Housing & Case Management
Quanda was frequently hospitalized, most recently with multiple strokes while residing in a Durham, NC, rescue shelter. Quanda was caught in a cycle of health problems and housing insecurity that made her life infinitely more challenging — at a significant cost to providers and taxpayers.
It also made her a candidate for the Health and Housing Case Management Program at RHD North Carolina, a partnership between Duke University, Alliance Health (which serves hundreds of thousands of North Carolinians in the state’s public behavioral health system), and RHD. Today Quanda is in her own apartment, managing her health, and going back to school.
“RHD helped me a lot,” Quanda said. “Having a place of my own, I’m able to take care of myself, and take care of my responsibilities. Before, I didn’t like my life. But this has given me a motivation to live.”
Quanda is just one of many success stories of this unique partnership at RHD North Carolina. An Alliance study of health care costs at Duke University Hospital found that the vast majority of costs were driven by a fairly small number of people. After identifying those “heavy users,” RHD provided housing and case management — and quickly reduced hospitalizations by more than 40 percent. One individual recorded more than 20 hospitalizations in 12 months prior to attaining housing through RHD. With housing and case management, that individual was hospitalized only once.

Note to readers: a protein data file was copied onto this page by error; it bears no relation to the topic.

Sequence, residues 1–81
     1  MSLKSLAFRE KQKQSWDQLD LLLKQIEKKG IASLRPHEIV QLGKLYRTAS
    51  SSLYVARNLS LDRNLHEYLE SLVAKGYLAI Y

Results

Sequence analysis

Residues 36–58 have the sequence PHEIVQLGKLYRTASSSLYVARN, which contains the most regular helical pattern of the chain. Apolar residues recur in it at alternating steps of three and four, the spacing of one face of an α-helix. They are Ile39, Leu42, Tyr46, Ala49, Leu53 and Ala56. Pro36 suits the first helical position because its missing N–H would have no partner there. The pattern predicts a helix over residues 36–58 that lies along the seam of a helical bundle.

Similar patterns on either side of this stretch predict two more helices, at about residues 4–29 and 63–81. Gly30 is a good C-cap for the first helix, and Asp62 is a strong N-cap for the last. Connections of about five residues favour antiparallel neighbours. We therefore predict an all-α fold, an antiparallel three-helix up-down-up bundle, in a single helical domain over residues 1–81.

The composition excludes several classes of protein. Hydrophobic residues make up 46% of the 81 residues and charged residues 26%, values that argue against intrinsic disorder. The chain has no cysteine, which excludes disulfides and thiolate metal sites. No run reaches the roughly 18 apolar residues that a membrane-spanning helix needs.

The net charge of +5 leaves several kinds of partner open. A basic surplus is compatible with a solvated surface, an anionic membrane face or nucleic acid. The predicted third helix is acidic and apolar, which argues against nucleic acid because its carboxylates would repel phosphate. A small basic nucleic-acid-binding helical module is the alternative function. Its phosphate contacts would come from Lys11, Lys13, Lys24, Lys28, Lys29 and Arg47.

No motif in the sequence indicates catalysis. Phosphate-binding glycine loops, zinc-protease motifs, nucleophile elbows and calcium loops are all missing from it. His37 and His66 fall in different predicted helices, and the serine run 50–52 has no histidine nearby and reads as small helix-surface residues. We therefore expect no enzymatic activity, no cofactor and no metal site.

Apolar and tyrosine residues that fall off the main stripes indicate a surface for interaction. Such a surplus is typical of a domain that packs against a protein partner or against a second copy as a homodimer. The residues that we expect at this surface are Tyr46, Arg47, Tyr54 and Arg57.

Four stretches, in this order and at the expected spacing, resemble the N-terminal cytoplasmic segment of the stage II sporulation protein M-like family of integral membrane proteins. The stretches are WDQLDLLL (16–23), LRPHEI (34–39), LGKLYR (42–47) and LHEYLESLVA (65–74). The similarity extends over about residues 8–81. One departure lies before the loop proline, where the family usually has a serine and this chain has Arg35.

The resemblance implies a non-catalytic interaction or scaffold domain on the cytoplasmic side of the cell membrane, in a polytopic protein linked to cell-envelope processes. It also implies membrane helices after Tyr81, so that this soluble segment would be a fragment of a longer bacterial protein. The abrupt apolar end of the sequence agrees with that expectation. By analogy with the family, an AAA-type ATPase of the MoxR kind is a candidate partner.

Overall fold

“It’s been tremendously successful,” said RHD NC director Nicholas Hobbs. “Chronic homelessness creates such instability that it becomes harder to manage any other issue — including, of course, health care. By providing housing and case management, we can make other challenges more manageable.”
Led by RHD Case Manager Rodney Daniel, RHD attains housing for an average of four people per quarter. Since January, RHD has housed 27 people and 22 have retained their housing.
“It’s very helpful,” said Julia Gamble, nurse practitioner at Duke Outpatient Clinic. “People need help navigating this process, at a time when patients are very vulnerable. Rodney does a great job working with us; he’s very responsive and compassionate and connects with the patients. We’ve seen people who were really heavy utilizers of our health care system become much more stable.
“It’s traumatizing for patients to experience homelessness, and to feel that vulnerability — because what you see is a sense of helplessness, that the system isn’t working for them. Rodney helps people access the system and helps make the system work for them, when they’re in position where they could really give up hope.
“That is life-changing. It really takes trauma-informed care to the next level.”
“RHD helped me a lot. Having a place of my own, I’m able to take care of myself, and take care of my responsibilities. Before, I didn’t like my life. But this has given me a motivation to live.”
– Quanda, RHD North Carolina client
This project had been a dream of Alliance Senior Vice President for Community Health and Well-Being Ann Oshel for years. Crafting an intake system that established eligibility criteria, incorporating technology, and engaging the right partnerships created the framework. When Durham Housing Authority made vouchers available for this population, The Health and Housing Case Management program was born.